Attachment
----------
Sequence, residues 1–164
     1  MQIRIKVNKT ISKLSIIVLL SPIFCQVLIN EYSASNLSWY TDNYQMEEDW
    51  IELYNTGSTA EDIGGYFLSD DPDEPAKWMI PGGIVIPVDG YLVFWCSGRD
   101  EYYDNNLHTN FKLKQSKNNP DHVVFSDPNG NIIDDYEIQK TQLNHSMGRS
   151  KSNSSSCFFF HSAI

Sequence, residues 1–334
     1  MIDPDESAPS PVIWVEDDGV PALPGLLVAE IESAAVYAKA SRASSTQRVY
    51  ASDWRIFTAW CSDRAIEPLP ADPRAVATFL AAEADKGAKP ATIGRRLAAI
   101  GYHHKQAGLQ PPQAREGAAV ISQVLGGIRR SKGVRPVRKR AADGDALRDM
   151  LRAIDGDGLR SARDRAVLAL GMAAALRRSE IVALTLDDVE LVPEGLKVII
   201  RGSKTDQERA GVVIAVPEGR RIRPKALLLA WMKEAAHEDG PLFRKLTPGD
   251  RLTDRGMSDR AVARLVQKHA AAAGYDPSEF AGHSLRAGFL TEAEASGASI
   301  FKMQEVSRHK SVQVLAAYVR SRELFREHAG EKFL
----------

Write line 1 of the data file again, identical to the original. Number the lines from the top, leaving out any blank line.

Sequence, residues 1–164